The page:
- Recommit to each other by connecting and sharing your contributions toward the sprint goal
- Each person picks the next person to share
Try just these three small things, continue to coach and encourage your teams to make them second nature, and see how your teams start to look forward to daily scrum, nurturing a more vibrant team culture along the way. And once we’re all back standing together again in our team rooms, let’s see if we can continue to engrain these daily habits and how they continue to build collaboration through recommitment, bringing more meaning and value to our work.
Photo Credit – By PierreSelim – Own work, CC BY-SA 3.0, https://commons.wikimedia.org/w/index.php?curid=17336884
Has Agile Let Us Down?
Are developers really the bottleneck?
In a recent meeting, a senior executive asked a product manager why they couldn’t deliver more of the features requested for an upcoming quarter. The PM replied, “I would, if I could just get another four developers.”
After 20 years in tech, across a wide array of web & mobile front- and back-end technologies, with everything from tiny startups to established, 200-year-old enterprises, I’ve seen this pattern emerge consistently – the underlying assumption that software development is the blocker.
And increasingly over the past 10 years, there’s been this hope that Agile would finally fix that problem.
I believe that software engineering shortages are not a cause but a symptom. We’ll look into where the real problem lies, why asking Agile to fix the problem has created more issues. and where I believe the real solution lies.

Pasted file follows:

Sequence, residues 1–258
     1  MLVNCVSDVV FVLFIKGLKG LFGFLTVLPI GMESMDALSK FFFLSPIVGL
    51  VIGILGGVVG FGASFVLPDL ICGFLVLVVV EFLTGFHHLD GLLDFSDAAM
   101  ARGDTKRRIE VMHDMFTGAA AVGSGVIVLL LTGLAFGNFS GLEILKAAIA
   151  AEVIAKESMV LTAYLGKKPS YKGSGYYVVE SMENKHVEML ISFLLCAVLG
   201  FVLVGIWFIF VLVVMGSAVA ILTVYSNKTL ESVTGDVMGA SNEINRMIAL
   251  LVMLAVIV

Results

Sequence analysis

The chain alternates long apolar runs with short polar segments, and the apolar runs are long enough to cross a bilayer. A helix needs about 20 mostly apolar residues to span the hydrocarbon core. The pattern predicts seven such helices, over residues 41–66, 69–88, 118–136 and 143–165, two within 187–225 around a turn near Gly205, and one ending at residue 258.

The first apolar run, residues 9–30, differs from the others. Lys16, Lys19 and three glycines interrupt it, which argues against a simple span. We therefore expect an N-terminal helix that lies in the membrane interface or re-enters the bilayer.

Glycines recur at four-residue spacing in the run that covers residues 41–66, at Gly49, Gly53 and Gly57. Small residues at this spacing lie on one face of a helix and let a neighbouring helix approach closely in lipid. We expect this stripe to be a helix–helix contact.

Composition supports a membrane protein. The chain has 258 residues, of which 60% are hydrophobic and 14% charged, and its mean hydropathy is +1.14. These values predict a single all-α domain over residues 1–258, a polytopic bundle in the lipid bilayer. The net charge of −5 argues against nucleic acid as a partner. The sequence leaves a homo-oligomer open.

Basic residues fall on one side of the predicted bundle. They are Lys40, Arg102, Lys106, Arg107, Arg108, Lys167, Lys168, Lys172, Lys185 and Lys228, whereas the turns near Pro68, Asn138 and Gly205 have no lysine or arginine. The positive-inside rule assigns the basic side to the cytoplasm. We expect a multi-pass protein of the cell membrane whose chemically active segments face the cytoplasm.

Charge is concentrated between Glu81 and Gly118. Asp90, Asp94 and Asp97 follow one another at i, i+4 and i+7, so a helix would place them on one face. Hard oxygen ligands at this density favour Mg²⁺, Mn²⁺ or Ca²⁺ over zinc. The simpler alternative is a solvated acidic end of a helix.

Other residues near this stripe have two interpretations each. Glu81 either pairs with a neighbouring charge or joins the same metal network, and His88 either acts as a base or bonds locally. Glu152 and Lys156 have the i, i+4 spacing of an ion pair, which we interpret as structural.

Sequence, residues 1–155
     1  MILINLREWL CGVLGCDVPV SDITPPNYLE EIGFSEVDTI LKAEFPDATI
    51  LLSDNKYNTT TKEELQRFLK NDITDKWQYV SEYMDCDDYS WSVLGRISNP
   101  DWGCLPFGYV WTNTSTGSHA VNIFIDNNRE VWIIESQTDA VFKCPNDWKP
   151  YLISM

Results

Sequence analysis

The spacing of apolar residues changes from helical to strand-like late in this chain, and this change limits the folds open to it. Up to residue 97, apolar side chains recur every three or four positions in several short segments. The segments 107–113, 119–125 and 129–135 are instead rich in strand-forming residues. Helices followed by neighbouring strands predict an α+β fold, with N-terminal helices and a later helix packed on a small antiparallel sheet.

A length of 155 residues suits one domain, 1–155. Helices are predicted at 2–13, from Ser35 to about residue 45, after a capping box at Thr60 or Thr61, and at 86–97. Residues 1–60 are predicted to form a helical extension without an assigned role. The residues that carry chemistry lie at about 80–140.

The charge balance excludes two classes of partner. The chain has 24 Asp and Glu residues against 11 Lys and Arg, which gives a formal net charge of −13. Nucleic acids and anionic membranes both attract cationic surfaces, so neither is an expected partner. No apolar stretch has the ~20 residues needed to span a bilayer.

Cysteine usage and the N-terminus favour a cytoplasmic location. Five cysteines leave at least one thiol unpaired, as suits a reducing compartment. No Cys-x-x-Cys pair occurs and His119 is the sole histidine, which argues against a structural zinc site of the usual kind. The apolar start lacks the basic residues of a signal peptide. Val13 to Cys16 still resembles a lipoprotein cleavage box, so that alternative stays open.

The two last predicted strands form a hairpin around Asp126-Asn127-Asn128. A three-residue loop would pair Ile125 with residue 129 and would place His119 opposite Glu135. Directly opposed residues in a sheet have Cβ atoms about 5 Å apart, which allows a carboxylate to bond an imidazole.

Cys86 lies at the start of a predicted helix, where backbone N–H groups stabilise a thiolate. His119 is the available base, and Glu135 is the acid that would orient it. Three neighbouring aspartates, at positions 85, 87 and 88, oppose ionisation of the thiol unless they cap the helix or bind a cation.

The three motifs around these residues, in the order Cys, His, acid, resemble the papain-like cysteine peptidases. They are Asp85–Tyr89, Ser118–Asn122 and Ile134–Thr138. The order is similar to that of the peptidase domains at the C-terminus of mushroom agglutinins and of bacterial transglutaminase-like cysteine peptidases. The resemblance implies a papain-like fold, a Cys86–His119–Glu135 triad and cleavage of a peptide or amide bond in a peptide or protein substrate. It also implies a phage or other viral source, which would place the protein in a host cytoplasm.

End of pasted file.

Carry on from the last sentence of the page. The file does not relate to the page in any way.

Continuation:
Product teams are tasked with delivering from time-sequenced roadmaps, typically made of a random series of stakeholder commitments. Planning is done in advance either every quarter (if teams are lucky), or up to a year or more in advance.
After months of requirements gathering, when the work finally comes to the product team for action, it’s either been elaborated too far in advance in isolation from the team, or cryptically vague. Stakeholders then decry that teams aren’t moving fast enough because they’re unable to get these requests built and delivered at their arbitrarily-dictated roadmap cadence.
Agile to the rescue?
Agile was tapped by the enterprise for one reason – To fix the development team’s efficiency problem. Note one of the original Agile Manifesto signees, Jeff Sutherland, gained notoriety a few years back with his book and associated TEDx talk touting Scrum as the way to get your teams to do “Twice the Work in Half the Time.” (i.e., 4X the work…?)
This is absolute catnip for executives and stakeholders of all stripes tired of waiting for their pet projects to get delivered. So the goal of Agile in the Enterprise has really been focused on getting teams super-efficient to pushing out everything on their roadmaps.
Why are teams being asked to build these things?
With this sole focus on efficiency, and building and delivering “stuff,” that no one has thought to question-
- How good are these ideas? Are they as good as we think they are?
- Will they really make our clients happy and successful?